Leon Russell dies

Another icon of my youth, Leon Russell, passed away at age 74.  A piano player from Lawton, Oklahoma, Russell became a member of the “wrecking crew,” that set of session musicians who were responsible for most of the pop music coming out of L.A. in the early sixties, from the Beach Boys to the Mamas and the Papas and the Byrds.  From there, he started playing with British stars, of the magnitude of John Lennon, George Harrison, Joe Cocker, and Eric Clapton.  Also Bob Dylan, Willie Nelson, and. . .you name it.  The man knew everybody and his eclectic taste meant that he played just about everything.

He was also the main originator of the “Tulsa Sound,” with its country rock boogie-woogie shuffle that made a mark in the 1970s.  I grew up in the Tulsa area around then, and Leon was part of that silly teenaged scene on local late night TV with Mazeppa Pompazoidi (Gaylord Sartain) and Teddy Jack Eddy (Gary Busey).  I remember driving to Tulsa to hear a free concert in a park with Leon and B.B. King, one of the best concerts I’ve ever heard.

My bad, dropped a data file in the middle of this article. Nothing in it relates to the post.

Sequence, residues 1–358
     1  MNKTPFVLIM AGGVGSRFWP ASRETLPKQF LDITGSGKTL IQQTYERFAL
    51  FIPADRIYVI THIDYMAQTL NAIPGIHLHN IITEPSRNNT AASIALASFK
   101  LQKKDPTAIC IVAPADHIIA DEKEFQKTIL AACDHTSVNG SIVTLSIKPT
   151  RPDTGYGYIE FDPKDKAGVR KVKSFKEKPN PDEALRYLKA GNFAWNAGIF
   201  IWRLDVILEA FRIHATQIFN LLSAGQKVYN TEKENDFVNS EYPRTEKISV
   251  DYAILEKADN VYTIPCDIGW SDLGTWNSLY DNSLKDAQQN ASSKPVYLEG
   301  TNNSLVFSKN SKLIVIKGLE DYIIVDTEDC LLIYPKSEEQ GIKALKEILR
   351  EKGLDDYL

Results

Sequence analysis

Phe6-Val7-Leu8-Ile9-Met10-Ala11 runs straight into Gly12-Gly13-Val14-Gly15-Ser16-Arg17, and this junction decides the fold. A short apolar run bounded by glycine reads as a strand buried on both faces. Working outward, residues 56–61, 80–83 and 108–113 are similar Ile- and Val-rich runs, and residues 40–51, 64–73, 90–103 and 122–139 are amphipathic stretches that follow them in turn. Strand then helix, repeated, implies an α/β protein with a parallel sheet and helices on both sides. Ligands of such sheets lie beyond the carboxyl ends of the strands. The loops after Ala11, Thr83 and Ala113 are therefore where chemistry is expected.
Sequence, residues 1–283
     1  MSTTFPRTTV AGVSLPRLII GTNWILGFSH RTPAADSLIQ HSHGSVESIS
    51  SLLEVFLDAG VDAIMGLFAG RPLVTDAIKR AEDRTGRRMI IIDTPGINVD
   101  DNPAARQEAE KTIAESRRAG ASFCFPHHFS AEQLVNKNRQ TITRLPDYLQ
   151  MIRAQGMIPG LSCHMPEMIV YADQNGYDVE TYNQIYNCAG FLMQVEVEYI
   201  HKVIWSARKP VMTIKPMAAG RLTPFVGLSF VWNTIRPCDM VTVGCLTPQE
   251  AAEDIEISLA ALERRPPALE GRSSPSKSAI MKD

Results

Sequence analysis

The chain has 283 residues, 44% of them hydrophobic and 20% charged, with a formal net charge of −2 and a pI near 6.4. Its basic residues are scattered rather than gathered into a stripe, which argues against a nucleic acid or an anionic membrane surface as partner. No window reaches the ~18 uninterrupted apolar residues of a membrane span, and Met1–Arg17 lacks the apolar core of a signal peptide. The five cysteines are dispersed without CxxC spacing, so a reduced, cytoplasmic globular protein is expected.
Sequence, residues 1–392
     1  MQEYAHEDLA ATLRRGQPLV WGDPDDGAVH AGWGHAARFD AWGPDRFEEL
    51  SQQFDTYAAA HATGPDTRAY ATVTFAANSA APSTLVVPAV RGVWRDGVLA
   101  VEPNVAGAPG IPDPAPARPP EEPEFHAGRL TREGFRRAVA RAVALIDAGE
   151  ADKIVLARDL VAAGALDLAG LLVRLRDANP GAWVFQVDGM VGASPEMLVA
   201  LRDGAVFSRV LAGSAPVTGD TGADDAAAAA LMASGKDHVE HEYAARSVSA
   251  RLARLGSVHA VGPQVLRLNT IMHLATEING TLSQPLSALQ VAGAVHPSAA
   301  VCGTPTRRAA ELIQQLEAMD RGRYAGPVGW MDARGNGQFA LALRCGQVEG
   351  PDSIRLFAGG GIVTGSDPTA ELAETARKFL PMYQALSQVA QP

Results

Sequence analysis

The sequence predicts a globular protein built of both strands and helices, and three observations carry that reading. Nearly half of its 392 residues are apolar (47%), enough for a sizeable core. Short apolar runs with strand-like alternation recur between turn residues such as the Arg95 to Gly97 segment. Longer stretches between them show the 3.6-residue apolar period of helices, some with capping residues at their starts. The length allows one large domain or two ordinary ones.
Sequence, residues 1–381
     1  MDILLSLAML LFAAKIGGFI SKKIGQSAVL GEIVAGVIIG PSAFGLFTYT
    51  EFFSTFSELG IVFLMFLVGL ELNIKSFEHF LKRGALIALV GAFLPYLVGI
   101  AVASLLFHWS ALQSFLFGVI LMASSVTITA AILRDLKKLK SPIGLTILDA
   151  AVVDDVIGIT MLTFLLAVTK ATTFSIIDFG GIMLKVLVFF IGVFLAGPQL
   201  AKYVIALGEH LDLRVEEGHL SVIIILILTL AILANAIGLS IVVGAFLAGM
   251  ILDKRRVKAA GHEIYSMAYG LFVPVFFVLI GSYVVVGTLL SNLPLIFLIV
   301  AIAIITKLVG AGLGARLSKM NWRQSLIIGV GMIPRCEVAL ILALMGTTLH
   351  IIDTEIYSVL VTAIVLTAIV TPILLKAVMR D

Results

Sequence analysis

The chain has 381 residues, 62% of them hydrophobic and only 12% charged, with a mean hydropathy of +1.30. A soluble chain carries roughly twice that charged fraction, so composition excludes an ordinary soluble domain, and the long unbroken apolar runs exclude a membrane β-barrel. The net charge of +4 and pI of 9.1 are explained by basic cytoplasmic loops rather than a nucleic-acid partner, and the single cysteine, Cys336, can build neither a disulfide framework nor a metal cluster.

After the jump, a link to an informative obituary and a video of what he could do. [Read more…]

The Tulsa Sound

J. J. Cale died, the musician and songwriter responsible with Leon Russell for developing the so-called “Tulsa Sound.”  This was a bluesy, rock ‘n’ roll shuffle, often adorned with a honky tonk piano.  The most notable exemplar of the Tulsa sound was the non-Okie Eric Clapton, but it can also be found in the numerous collaborations of Leon Russell and in groups like the Tractors.

As someone who grew up near Tulsa and went to college in Oklahoma in the 1970s, I can say this is my kind of music.  (In addition to the music, the Tulsa scene at that time included late night TV with “Mazeppa Pompazoidi,” a.k.a. Gailard Sartain, a comic genius who would later go to Hollywood for Hee Haw and other mostly bit parts unworthy of him, with Gary Busey as Teddy Jack Eddy.  Busey also went to Hollywood and had a pretty good career.  Though known for some meltdowns, he became a convert to Christianity.  Did anyone else out there stay up late for the The Uncanny Film Festival and Camp Meeting?)

After the jump:  J. J. Cale playing his most famous song and a good survey of his life and music. [Read more…]